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BSP hikes term deposit auction to P70 B

Lawrence Agcaoili (The Philippine Star) - July 21, 2016 - 12:00am

MANILA, Philippines – The Bangko Sentral ng Pilipinas (BSP) has raised anew the volume of term deposits starting August as banks and trust entities continued to swarm the weekly auction under the term deposit facility (TDF).

BSP Governor Amando Tetangco Jr. said the central bank has decided to raise  the TDF to P70 billion starting Aug. 3 from the current issue size of P50 billion.

The higher volume now consists of P60 billion worth of 28-day term deposits from the current level of P40 billion while the size of seven-day term deposits was retained at P10 billion.

This is the third time the BSP has raised the volume since the interest rate corridor (IRC) system was introduced last June 3. The volume of the weekly auction was originally pegged at P30 billion last June but was raised to P40 billion this month.

Banks and trust entities swarmed yesterday’s auction  wherein P10 billion worth of seven-day term deposits and P40 billion worth of 28-day term deposits were offered.

Tenders for the seven-day term deposits reached P48.4 billion while bids for the 28-day term deposits amounted to P129.4 billion. Both tenors fetched 2.5 percent.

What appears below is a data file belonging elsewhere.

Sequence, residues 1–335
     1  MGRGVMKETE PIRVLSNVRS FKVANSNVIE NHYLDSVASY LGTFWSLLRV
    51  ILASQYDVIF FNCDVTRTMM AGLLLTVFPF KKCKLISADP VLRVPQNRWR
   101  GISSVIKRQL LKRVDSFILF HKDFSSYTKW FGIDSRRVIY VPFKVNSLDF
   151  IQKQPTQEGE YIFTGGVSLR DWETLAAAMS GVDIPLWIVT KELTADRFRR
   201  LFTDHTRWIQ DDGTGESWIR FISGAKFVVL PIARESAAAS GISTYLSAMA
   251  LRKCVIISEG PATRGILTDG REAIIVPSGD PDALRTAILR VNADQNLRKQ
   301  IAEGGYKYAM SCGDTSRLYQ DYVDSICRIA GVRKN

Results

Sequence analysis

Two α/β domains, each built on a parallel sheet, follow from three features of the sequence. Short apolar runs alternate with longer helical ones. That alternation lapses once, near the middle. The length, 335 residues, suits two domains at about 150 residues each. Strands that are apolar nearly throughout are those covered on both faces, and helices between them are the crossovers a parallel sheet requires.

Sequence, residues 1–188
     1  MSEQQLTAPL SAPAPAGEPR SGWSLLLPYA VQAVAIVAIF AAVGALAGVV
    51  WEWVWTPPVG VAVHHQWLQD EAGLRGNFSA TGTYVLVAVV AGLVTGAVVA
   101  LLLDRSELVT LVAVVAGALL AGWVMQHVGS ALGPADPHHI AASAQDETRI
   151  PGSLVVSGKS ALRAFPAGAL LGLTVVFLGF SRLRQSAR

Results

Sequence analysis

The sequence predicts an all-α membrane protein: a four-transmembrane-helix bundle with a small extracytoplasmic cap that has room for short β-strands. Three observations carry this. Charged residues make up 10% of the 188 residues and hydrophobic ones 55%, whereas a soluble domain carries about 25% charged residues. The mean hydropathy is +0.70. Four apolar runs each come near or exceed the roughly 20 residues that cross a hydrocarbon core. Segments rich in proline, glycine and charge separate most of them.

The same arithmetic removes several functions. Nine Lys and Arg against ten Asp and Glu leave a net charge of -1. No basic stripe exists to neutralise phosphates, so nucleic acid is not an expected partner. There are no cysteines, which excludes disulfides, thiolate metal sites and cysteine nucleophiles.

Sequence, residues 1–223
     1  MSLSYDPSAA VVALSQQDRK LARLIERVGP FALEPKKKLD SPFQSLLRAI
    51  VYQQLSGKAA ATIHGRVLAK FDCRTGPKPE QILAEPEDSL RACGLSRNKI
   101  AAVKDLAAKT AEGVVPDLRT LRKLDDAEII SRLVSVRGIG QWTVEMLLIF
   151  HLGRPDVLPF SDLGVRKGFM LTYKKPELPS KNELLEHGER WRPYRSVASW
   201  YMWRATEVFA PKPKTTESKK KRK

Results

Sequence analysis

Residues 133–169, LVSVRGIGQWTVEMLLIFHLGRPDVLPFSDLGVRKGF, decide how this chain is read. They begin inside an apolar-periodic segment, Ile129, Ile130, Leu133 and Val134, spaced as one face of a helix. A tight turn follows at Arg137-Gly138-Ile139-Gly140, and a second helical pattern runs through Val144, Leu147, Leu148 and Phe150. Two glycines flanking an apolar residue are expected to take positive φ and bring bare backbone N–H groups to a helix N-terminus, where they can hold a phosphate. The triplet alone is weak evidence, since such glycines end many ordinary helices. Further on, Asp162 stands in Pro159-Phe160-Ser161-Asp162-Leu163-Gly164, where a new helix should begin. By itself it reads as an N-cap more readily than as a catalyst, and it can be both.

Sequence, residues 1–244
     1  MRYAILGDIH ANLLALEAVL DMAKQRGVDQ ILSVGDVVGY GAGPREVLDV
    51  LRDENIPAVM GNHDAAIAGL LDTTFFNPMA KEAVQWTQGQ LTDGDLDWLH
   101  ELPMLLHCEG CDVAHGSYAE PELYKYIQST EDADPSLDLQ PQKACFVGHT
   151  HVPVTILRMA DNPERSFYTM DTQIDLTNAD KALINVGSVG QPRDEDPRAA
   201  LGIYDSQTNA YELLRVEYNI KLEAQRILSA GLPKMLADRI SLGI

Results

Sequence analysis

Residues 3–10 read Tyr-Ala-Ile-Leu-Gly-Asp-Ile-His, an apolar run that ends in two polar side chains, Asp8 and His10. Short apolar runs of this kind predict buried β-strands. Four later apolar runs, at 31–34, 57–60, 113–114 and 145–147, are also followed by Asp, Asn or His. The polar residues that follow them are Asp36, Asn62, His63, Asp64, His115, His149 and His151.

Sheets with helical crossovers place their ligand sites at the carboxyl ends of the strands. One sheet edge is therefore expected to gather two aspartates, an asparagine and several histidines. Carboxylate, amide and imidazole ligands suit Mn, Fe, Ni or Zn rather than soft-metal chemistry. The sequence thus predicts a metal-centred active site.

“The auction results continue to show there is good liquidity in the system, with both tenors being filled at 2.5 percent with substantial over subscription. There also continues to be good interest in the longer tenor,” Tetangco said.

This prompted the BSP to raise the volume of 28-day term deposits to P60 billion from the current size of P40 billion starting August.

“We have thus increased the 28-day volume to P60 billion as part of our plan to gradually raise the auction size,” he said.

Tetangco said the BSP could adjust the volume as it makes announcements two week prior to the scheduled auction and could also conduct another auction every Friday depending on the liquidity in the system.

“We will continue to adjust the auction size, as market conditions warrant,” he said.

Term deposits are common tools used by central banks for liquidity management. It allows central banks to withdraw bulk of excess liquidity from the financial system.

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